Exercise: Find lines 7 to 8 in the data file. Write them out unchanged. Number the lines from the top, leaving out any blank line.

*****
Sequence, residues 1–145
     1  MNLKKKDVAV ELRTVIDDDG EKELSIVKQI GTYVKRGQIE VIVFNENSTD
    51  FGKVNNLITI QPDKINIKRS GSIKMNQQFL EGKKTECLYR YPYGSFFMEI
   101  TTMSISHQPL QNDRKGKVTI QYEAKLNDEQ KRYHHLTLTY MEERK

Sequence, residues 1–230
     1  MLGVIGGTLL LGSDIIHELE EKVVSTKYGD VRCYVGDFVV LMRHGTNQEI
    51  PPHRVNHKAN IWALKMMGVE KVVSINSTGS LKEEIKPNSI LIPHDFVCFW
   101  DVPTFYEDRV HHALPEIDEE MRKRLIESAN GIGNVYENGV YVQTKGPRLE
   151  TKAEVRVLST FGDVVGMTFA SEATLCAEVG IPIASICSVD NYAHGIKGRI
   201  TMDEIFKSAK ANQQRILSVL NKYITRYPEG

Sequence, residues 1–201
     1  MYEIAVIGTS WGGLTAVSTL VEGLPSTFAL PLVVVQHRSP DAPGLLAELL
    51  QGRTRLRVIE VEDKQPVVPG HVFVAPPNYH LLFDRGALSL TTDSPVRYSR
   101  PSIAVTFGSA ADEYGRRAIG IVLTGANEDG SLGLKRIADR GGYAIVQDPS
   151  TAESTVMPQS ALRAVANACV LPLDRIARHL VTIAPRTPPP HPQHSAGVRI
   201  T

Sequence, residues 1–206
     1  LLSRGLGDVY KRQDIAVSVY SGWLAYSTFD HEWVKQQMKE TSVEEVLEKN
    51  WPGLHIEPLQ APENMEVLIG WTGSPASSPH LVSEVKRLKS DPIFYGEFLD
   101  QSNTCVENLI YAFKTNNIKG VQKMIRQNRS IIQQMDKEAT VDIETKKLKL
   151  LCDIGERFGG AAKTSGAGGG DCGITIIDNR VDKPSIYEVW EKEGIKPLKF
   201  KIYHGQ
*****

    51  PPHRVNHKAN IWALKMMGVE KVVSINSTGS LKEEIKPNSI LIPHDFVCFW
   101  DVPTFYEDRV HHALPEIDEE MRKRLIESAN GIGNVYENGV YVQTKGPRLE